Now in it’s fourth year, California’s unprecedented drought leaves no one unaffected – including the Big Fresno Fair.
Fair staff, aiming to use 20 percent less water this year, have implemented several conservation measures. That goal is shy of the state-mandated 25 percent cut in urban water use this year, instead based on the 20 percent voluntary reduction instituted last year.
Some water-reduction measures started last year or before, but many are new this year.
Groundskeepers stopped watering the Mosqueda grass parking lot. They stopped washing the 14,000 solar panels on the fairgrounds, which were previously cleaned weekly for efficiency. Soil amendments were added to all landscaping areas to retain groundwater.
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Also new this year is a water conservation education exhibit by the California Department of Water Resources. Fairgoers can stop by the Commerce Building for demonstrations on how to save water in the kitchen, bathroom and laundry room.
At the kitchen display, water drips from a leaky faucet into a clear tub below. A sign shows what time the display was turned on so people can see how long it takes for that much water to be wasted. Faucets that leak at a rate of one drip per second waste more than 3,000 gallons of water per year – enough to take 180 showers, according to the Environmental Protection Agency.
Ken Johnson, an engineer at the Department of Water Resources, said some people are very in tune with the drought, but many don’t realize how easily water is wasted.
“It gives them a visual representation,” he said. “They can see that little drip is actually wasting that much water.”
I think people appreciate it. The drought affects everyone.
Lauri King, deputy manager, Big Fresno Fair
And Johnson said it’s not just about water loss when you factor in the energy it takes to process water for drinking use, then to pump it through the distribution system into the household.
“We just take it for granted,” he said. “These are things people aren’t aware of.”
One trick Johnson shows people is replacing the rubber flapper in a toilet tank. The flapper gets hard over time and stops sealing over the exit point, allowing water to continually leak through and flush without ever having pressed the handle. It’s a $5 fix, he said.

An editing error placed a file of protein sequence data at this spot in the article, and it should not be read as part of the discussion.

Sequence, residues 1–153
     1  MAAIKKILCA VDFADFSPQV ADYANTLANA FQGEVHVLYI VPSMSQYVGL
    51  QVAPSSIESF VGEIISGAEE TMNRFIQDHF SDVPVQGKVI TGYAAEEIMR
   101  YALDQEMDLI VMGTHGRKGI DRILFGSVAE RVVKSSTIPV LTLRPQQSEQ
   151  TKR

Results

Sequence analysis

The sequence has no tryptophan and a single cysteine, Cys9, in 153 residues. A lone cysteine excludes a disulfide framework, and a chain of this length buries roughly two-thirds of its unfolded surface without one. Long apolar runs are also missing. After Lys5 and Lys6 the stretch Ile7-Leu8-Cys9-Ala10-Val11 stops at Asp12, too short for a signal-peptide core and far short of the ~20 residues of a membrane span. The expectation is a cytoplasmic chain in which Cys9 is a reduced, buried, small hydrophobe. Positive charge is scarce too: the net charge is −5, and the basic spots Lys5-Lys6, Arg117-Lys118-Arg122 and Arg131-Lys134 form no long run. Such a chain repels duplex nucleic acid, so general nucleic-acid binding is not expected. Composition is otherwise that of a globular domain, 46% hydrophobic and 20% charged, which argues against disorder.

Another water saving measure the fair started last year is limiting washing of livestock. Animals are now washed only twice during the fair, and those who only wash once get reward points.
Tasha Obert, 11, of the Kingsburg 4-H Club, said she only washed her goats, Daisy and Dodger, once during the fair – right before the livestock show. She said they get smelly but it doesn’t really matter. Some will be slaughtered anyway.
“I kind of got used to the smell,” she said.
Signs around the fair read, “Doing our part to save water” or advertise tips such as “Repair any leaks around pool and spa pumps.” A sign above the livestock washing station warns of the severe drought and says people who leave hoses running will be fined $50.
Other fairground conservation efforts include removing 25,000 square feet of grass and replacing it with decomposed granite, draining the pools and water fountains during the year, spot mopping instead of washing all the concrete areas each night, and adding 33 waterless urinals to the men’s restrooms.
Three grassy hills in the pavilion area were removed and replaced with drought-tolerant plants, decomposed granite walkways and green turf. Fair staff plan to redo another hill next year.
Fair staff didn’t track how much water was reduced last year and won’t know until the end of this year whether they met the 20 percent goal. Deputy manager Lauri King said people have started to take notice of the fair’s conservation efforts, especially the signs placed in dryscaping areas that read, “Doing our part to save water” or advertise tips such as “Use a broom instead of a hose to clean driveways and sidewalks.”
“I think people appreciate it,” she said. “The drought affects everyone.”